Working multiple jobs is stressful enough without having to worry about accidentally paying more tax than you should. 

Do you have to pay tax on a second job? Yes, but if you’ve been working two or more jobs over the past two years, it’s more than likely you have been overpaying tax and you may well be entitled to claim tax back. Let’s find out how.

Split Tax Credits Jobs

Understanding Tax on a Second Job

By default, the Pay As You Earn (PAYE) system considers one job to be your main employment, and Revenue applies your tax credits and associated rate band to that job. If you are working two or more jobs, you must inform Revenue as soon as you start work so that they can send you a new Tax Credit Certificate (TCC) for the other job(s).

Each employer you work for should have a separate TCC applied – if you don’t do this, your new employer(s) may deduct the wrong amount of tax from your salary. Once you have an individual TCC in place for each of your employers, there are three ways you can split your tax credits and rate bands to make sure you don’t overpay tax.


Do You Pay Higher Tax on a Second Job? 

Yes, you will pay a higher tax on your second job; however, this will only happen if you don’t inform Revenue and divide your tax credits and bands between the jobs. 

But remember, splitting tax credits and rate bands between multiple jobs won’t change the total amount of tax you have to pay. What it will do, however, is ensure you pay an even amount of tax in each job, as well as help you get the full benefit of your tax credits and rate bands throughout the year. 

It’s also important to note that while you might not be paying higher tax on the second job, having multiple jobs can impact your overall income tax liability. 


Do You Pay Emergency Tax on a Second Job? 

If you take on a second job in Ireland, you may temporarily be subject to emergency tax. Emergency tax is automatically applied when you start a new job or take on a second job. However, once you have informed Revenue and divided your tax credits and rate bands correctly between multiple jobs, you will avoid emergency tax on the second job.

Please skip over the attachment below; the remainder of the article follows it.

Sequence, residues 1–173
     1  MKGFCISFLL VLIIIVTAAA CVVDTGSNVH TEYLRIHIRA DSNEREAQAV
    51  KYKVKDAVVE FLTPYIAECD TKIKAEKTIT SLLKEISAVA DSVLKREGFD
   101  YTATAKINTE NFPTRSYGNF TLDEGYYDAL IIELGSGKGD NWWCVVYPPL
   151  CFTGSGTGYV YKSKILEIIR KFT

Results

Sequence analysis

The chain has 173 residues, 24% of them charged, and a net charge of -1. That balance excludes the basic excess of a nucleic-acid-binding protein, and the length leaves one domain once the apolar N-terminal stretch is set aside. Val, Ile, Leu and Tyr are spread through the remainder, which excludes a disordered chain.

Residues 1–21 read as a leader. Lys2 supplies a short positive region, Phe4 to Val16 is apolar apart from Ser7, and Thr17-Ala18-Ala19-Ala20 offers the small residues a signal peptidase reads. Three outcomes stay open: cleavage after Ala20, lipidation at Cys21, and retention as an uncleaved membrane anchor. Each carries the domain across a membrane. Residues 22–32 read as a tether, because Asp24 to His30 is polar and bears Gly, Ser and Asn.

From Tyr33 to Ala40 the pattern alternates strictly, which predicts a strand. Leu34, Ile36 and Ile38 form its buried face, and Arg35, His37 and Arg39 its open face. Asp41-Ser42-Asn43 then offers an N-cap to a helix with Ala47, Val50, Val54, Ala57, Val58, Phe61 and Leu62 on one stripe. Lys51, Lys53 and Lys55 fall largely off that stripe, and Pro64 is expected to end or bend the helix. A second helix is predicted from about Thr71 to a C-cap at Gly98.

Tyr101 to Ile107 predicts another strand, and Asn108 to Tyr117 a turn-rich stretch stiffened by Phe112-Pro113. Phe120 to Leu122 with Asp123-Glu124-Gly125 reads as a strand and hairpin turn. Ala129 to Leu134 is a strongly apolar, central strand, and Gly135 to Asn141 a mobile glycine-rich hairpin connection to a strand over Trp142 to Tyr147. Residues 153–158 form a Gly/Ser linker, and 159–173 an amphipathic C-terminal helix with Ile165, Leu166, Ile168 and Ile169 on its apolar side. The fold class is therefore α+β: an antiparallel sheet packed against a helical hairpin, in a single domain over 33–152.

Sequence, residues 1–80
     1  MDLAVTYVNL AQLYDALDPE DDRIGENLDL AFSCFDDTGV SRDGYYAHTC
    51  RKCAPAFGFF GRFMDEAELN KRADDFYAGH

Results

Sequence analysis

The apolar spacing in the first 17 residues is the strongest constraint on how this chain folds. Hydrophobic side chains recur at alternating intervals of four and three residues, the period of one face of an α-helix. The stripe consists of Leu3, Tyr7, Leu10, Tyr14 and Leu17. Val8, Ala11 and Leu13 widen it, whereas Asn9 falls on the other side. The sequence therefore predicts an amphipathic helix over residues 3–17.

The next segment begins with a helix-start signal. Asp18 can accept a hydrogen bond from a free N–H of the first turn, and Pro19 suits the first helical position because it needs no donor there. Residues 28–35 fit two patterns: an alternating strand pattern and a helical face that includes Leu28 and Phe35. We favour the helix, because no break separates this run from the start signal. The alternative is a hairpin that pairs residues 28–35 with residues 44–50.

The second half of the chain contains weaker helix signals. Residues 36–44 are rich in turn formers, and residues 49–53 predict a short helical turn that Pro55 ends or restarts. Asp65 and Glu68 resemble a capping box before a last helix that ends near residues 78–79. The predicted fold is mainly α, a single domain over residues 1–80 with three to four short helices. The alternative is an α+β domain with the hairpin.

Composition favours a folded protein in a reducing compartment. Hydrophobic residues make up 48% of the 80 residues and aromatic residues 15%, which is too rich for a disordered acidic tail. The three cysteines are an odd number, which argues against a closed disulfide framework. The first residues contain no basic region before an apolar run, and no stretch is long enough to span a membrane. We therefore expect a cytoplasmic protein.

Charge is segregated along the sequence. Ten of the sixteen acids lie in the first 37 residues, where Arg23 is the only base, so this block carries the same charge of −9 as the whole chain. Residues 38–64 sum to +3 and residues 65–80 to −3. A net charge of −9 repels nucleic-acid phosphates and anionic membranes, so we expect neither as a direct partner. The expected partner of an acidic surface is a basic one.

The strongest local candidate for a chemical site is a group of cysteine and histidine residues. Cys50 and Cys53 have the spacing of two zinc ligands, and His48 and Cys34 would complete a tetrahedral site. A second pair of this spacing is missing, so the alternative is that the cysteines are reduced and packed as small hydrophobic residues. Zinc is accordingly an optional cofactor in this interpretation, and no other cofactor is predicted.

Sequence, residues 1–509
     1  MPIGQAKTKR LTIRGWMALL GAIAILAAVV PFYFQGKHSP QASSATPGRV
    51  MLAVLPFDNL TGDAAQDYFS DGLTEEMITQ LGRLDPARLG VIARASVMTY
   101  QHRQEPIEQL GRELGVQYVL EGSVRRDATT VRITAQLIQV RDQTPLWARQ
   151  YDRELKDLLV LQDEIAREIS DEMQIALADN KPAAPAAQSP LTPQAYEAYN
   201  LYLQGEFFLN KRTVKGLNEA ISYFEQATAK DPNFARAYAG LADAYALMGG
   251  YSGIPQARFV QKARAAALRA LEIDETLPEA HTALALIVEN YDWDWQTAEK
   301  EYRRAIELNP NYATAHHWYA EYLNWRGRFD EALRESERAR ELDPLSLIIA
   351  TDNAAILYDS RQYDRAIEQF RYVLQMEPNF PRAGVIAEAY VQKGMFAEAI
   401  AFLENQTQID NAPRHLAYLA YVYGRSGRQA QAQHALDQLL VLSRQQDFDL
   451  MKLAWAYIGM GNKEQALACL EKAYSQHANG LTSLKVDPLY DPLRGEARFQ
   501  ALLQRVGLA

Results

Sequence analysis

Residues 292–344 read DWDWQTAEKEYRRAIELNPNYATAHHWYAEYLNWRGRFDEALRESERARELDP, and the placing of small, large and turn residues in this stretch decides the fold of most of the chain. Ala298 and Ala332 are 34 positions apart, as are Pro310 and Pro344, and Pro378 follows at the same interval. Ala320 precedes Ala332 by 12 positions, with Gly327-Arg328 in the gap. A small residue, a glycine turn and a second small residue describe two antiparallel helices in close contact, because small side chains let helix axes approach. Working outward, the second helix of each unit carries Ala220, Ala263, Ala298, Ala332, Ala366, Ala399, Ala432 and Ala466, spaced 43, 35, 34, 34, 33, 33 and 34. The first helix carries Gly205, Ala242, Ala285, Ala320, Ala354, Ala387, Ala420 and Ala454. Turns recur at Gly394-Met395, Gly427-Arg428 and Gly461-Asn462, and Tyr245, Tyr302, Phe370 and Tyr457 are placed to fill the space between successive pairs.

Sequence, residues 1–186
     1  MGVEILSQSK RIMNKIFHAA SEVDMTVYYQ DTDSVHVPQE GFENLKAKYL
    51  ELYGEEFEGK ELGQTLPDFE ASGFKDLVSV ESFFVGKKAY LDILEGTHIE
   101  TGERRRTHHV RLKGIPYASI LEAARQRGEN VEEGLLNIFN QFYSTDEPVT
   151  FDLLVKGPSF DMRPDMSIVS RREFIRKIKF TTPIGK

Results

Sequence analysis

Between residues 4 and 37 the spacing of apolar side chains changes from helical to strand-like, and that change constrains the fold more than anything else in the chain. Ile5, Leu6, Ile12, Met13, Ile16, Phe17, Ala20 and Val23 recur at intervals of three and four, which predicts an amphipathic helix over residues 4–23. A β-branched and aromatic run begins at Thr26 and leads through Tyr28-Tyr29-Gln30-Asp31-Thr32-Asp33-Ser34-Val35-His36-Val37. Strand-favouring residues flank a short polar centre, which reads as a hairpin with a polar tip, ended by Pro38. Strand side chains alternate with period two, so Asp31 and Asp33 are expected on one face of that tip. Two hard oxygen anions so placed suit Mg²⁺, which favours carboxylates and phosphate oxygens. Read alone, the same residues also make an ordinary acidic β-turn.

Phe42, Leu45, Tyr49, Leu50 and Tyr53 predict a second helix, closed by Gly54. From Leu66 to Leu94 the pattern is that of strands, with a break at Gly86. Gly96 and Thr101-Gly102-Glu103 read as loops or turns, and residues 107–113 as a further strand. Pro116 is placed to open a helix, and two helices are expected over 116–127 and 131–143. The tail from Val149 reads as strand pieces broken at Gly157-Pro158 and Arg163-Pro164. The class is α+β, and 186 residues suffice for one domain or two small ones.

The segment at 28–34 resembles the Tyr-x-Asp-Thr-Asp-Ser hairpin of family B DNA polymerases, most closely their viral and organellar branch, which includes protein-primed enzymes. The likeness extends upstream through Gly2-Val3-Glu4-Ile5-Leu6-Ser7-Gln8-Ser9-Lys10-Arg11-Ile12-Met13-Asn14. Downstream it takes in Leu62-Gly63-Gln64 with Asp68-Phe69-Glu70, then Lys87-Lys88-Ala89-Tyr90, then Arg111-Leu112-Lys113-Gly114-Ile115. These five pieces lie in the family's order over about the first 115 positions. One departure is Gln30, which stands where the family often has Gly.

If you believe you have overpaid tax, you can apply for a tax review online to determine whether you are due any tax back on a second job.


How to Split Tax Credits Between Two Jobs

Your three options for splitting taxes between two jobs are as follows:

  1. Leave all your tax credits, tax rate band and Universal Social Charge (USC) rate band with your primary employer.
  2. Divide your tax credits, tax rate band and USC rate band between your jobs in any way you see fit.
  3. Transfer any unused tax credits, tax rate band and USC rate band to your other jobs.

Please note – some tax credits or deductions, like flat rate expenses, cannot be split because they are only given for specific jobs.


How Do You Calculate Tax on a Second Job? 

With Irish Tax Rebates! And claiming tax back has never been so simple – fill out our 60-second application form to get the ball rolling today.

If you’ve been working two or more jobs and believe you might have overpaid tax, you can apply for a Tax Review online to determine if you can make a tax back claim. We will investigate whether or not you are due any tax back, and if you’re not due a refund, there will be no charge for the review.


New Customers: Apply here.

Existing Customers: Apply For Additional Rebate